Welcome to the forum. Are you sure it's a half ton (F1) bed? The F2/F3 pickups came with an 8 foot bed since they had a 122 inch wheelbase. The F1s had a 114 inch wheelbase. You can make the conversion to 5 lug easy enough by changing out the rear end to a 57-72 F-100 nine inch which will bolt-in (you may have to fabricate shock mounts) and get the freeway revs down at the same time. On the front all you need are the 5 lug brakes and drums for an F1. They will bolt on to the F2 axle.
Thanks for your answers. I realized the part about the front fender opening. After GreatNorthWoods reply I started comparing pictures of the one I was looking at and other F1's. Just to make sure the information about F2 with F1 bed was correct. The front fender gave it away. It's an F2 with an F1 bed, the frame must have been shortened. I like the F1 fenders better. For variuos reasons I will pass on this particular truck, as it's too much of a clon for me. Considering the cost of shipping a p/u from the US to Europe, I have to find the right one, the first time.
Hi there, this question is mainly directed at greatnorthwoods I guess.
Please could you describe the conversion you did on your F3 in a bit more detail? It looks great.
I have a 1950 F2, 100% stock with low miles. The front end is solid but the bed is a bit rotten so I thought of the idea of changing it into an F1 clone. Is that a cost effective approach?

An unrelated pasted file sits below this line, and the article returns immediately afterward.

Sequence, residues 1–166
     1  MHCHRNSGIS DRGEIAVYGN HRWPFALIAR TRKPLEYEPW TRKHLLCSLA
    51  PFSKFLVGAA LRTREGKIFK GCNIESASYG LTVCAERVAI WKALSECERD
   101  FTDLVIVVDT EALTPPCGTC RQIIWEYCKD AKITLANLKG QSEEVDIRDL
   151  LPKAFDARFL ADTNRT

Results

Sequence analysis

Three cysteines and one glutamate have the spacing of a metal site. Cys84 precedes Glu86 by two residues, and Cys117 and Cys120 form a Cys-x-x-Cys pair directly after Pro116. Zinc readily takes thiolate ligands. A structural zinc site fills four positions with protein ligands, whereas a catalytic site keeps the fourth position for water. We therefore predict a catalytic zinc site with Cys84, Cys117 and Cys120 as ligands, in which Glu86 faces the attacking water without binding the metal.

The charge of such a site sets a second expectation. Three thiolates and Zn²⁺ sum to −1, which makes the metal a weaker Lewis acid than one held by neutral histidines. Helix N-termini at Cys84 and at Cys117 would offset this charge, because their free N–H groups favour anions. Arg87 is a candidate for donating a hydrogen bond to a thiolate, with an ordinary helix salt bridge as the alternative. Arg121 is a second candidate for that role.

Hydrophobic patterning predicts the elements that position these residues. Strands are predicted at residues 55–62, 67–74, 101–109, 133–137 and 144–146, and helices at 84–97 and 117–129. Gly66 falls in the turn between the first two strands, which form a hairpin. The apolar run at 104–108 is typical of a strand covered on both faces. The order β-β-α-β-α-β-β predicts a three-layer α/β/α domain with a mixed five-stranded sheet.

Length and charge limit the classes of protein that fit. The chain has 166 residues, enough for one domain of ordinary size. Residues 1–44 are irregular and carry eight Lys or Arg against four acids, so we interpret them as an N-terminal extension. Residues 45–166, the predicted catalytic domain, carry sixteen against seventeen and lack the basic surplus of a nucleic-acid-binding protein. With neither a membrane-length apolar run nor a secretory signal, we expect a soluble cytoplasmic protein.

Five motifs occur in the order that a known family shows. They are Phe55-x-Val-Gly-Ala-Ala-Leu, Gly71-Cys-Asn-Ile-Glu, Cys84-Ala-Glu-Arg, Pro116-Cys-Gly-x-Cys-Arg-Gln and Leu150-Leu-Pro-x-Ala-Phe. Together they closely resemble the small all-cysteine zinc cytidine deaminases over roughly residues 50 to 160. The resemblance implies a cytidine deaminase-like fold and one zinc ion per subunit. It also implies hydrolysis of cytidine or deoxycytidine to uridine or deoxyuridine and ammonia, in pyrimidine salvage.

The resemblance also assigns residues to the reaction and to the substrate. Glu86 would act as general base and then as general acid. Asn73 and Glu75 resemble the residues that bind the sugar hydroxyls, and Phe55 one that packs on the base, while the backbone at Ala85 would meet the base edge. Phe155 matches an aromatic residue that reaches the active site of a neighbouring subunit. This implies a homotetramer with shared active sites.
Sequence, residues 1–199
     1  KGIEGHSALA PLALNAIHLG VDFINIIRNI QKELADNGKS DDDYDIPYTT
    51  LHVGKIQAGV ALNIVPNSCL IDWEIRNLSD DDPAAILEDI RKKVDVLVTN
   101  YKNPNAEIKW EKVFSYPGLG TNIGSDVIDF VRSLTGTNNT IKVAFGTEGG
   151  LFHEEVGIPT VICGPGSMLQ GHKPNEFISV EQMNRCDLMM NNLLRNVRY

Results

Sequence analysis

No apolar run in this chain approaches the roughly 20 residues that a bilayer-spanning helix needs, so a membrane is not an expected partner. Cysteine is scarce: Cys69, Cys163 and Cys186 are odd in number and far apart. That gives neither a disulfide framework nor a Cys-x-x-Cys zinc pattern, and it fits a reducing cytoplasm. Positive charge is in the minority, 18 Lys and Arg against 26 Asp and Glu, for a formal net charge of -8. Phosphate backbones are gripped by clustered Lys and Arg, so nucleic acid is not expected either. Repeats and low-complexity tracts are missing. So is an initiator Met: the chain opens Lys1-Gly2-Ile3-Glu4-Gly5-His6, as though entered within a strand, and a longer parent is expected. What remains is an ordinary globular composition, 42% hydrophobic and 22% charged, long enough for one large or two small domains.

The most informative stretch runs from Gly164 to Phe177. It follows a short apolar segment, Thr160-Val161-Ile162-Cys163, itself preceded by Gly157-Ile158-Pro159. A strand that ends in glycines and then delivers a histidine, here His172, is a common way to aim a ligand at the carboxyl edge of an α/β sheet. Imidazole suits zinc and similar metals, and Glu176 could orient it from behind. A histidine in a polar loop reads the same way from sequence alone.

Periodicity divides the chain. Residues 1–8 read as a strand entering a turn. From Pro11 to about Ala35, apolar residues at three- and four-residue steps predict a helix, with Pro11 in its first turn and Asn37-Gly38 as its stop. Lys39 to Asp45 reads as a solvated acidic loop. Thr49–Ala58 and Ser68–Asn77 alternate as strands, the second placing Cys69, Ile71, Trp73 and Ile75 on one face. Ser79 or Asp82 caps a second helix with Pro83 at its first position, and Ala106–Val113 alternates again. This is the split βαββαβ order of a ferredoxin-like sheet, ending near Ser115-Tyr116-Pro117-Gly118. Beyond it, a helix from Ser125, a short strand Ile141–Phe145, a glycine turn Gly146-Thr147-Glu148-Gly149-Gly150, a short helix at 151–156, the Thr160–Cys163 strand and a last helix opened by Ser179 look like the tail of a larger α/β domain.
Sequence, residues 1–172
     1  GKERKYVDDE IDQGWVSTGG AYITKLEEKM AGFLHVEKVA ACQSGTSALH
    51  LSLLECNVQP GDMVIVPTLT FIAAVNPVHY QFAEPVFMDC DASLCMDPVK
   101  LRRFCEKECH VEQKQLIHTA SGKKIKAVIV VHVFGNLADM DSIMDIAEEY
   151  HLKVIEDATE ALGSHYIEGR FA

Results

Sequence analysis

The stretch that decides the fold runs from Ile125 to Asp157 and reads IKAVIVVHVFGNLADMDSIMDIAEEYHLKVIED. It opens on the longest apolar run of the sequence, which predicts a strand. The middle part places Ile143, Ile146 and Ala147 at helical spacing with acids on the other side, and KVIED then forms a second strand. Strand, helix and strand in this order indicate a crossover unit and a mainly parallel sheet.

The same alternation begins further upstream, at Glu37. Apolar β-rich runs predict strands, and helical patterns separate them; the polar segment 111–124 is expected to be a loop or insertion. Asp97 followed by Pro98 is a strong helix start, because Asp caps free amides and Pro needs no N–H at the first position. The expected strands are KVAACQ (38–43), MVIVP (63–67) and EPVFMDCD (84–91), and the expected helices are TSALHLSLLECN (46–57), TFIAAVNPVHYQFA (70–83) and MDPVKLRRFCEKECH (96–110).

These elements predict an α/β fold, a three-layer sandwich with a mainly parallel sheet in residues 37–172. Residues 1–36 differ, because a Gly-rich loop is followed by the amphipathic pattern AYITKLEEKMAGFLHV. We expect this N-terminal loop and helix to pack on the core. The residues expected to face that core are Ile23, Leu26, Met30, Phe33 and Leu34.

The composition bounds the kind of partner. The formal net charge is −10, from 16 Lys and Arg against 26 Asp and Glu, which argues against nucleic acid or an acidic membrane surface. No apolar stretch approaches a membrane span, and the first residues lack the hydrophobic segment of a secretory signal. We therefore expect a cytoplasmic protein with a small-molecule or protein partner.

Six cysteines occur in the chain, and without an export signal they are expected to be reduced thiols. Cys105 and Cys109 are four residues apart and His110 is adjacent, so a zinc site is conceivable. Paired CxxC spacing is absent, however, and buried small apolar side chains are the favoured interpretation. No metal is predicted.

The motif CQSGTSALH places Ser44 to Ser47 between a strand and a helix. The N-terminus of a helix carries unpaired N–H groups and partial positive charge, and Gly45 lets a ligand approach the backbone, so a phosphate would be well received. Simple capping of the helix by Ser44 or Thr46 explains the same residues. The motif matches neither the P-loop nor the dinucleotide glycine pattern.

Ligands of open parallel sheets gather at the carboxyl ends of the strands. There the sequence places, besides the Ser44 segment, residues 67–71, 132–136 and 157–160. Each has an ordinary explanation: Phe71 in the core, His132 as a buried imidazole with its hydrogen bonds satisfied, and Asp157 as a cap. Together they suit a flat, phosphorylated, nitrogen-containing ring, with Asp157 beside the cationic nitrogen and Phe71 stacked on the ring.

I was thinking:
F1 fenders front and rear
not too sure about the frame and rear axle though (and 8-to-5 lugs)!!
Welcome to the forum! It's not as hard as you may think. The hardest part would be shortening the frame. The axle can be changed out with a 1957-1972 Ford 9", and the front drums can be changed to a 5 lug(though I'd go with a disc brake conversion kit), and the box for the F1 is reproduced, as the F2 is not. You know about the fenders. Good luck!
Havi, Thanks for the reply. Those are helpful ideas.
One option I was considering was to buy (after saving up some $$!) a complete "rolling frame" which I guess would solve the frame/drivetrain issue in one go. Then I would still be left with finding f1 running boards, box and fenders. Feels like I'd be buying a whole new truck...ouch!
Maybe the most cost effective way is to get an f1 that is being parted out and take the frame, axle, rear springs, drums etc from that.
Thanks to all for a great forum.
Any suggestions to help me get this project on the road are welcomed!!
My suggestion?? Fix the bed, make the F2 nice, sell it, and buy an F1 to begin with. If you are patient, you can find a decent F1, that someone has started and lost interest in, with a lot of the serious work already done or in progress, pretty reasonable. Sure, anything CAN be done, but if your F2 is truly solid, it should fetch a fairly decent price, possibly putting you well on your way to an F1, without all the hassle - those parts can be more expensive than the whole truck! Plus, shortening the frame isn't just whacking off the back end - you need to take some out of the middle, for the bed to work.
Not trying to talk you out of the project, just food for thought...
edit - Oh yeah, you'd STILL have an F1 clone, and there's be one less old Ford on the road...
But, if you DO it, I'd be interested in all your F2 parts...